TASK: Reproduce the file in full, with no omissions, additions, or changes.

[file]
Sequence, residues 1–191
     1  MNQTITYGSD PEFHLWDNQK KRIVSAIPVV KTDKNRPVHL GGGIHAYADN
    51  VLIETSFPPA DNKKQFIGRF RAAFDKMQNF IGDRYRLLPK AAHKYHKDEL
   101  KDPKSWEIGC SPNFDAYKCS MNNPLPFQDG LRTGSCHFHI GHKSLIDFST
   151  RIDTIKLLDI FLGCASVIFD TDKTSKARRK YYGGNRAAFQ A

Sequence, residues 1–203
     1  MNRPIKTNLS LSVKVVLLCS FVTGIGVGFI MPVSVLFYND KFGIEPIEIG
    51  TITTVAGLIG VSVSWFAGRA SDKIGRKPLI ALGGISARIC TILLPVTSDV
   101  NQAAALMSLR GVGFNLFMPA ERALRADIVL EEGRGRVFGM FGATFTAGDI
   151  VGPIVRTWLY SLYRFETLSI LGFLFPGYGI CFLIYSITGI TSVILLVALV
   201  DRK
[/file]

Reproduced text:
Sequence, residues 1–191
     1  MNQTITYGSD PEFHLWDNQK KRIVSAIPVV KTDKNRPVHL GGGIHAYADN
    51  VLIETSFPPA DNKKQFIGRF RAAFDKMQNF IGDRYRLLPK AAHKYHKDEL
   101  KDPKSWEIGC SPNFDAYKCS MNNPLPFQDG LRTGSCHFHI GHKSLIDFST
   151  RIDTIKLLDI FLGCASVIFD TDKTSKARRK YYGGNRAAFQ A

Sequence, residues 1–203
     1  MNRPIKTNLS LSVKVVLLCS FVTGIGVGFI MPVSVLFYND KFGIEPIEIG
    51  TITTVAGLIG VSVSWFAGRA SDKIGRKPLI ALGGISARIC TILLPVTSDV
   101  NQAAALMSLR GVGFNLFMPA ERALRADIVL EEGRGRVFGM FGATFTAGDI
   151  VGPIVRTWLY SLYRFETLSI LGFLFPGYGI CFLIYSITGI TSVILLVALV
   201  DRK